Concerned about ending up on the wrong side of history, world leaders have appeared hesitant to vocally support either the Egyptian government or the growing number of protesters in Cairo. Below are the reactions from five regional and world players to Egyptian President Hosni Mubarak, his government, and the protests.
Questions are cropping up about the appropriateness of calling Tunisia's uprising the "Jasmine Revolution" – stemming from the fact that the term has been used in reference to Syria in 2005 and even the path that brought ousted Tunisian President Ben Ali to power. But the moniker could stick, at least partially because it's become a tradition of sorts to name the revolutions of the 2000s after colors and flowers and even household items. Here's an overview of some of the popular revolutions – and their nicknames – that preceded Tunisia's ... whatever you want to call it:
Iran's supreme leader Ayatollah Ali Khamenei made a high-profile visit to Qom today to demonstrate his leadership over a religious establishment divided by last year's election.
Iran President Mahmoud Ahmadinejad, who is visiting Lebanon, wants to lead a regional 'axis of resistance.' But Iranians are focused on economic and political problems at home.
Some Iranian observers say Mahmoud Ahmadinejad was bombastic during his United Nations speech to maintain his tough image at home.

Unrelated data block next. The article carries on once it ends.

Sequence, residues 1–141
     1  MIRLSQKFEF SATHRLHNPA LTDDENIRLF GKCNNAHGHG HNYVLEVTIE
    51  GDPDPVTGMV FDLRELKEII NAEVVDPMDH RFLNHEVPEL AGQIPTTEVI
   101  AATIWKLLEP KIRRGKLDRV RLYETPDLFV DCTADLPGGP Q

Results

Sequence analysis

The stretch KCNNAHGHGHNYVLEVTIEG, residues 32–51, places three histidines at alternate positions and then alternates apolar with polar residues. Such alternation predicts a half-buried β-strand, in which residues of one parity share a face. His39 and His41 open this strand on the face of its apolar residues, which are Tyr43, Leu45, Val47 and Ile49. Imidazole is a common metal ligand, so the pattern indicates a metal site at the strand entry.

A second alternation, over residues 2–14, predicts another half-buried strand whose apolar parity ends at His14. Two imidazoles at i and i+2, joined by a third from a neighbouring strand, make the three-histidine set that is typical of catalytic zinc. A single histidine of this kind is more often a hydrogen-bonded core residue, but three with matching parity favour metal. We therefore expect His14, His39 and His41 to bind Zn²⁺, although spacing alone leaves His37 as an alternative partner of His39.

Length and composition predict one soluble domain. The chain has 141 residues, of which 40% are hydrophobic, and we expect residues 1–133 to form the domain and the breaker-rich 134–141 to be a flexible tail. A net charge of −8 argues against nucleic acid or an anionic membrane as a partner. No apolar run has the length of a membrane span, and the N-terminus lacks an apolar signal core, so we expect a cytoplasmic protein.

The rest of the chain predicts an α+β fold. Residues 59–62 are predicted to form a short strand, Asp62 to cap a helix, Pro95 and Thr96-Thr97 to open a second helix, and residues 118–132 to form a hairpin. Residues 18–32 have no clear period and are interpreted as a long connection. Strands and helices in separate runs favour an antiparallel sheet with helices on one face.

Trade sanctions can only impoverish the tens of thousands of Iranians who form part of the political opposition in Iran, thereby forcing them to look for protection in the arms of the very regime they oppose - Ahmadinejad's.
The Obama administration says Iran nuclear sanctions are beginning to have an effect. But two prominent dissidents say the sanctions are playing into the hands of the Ahmadinejad regime.
One year after the disputed Iran election that returned President Ahmadinejad to office, many say the revolution and the regime have lost legitimacy. Green Movement opposition leaders, who called off a rally, are facing growing criticism of their tactics.
ARAB SPRING - 2010, Tunisia - The wave of protests still sweeping across the Middle East and North Africa began in Tunisia in response to a young man's self-immolation to protest police corruption and violence. The uprisings spread to Egypt, Bahrain, Yemen, Libya, and continues in Syria. Here, protesters stand atop a police vehicle in front of the prime minister's office during a demonstration in downtown Tunis, Tunisia, January 21, 2011.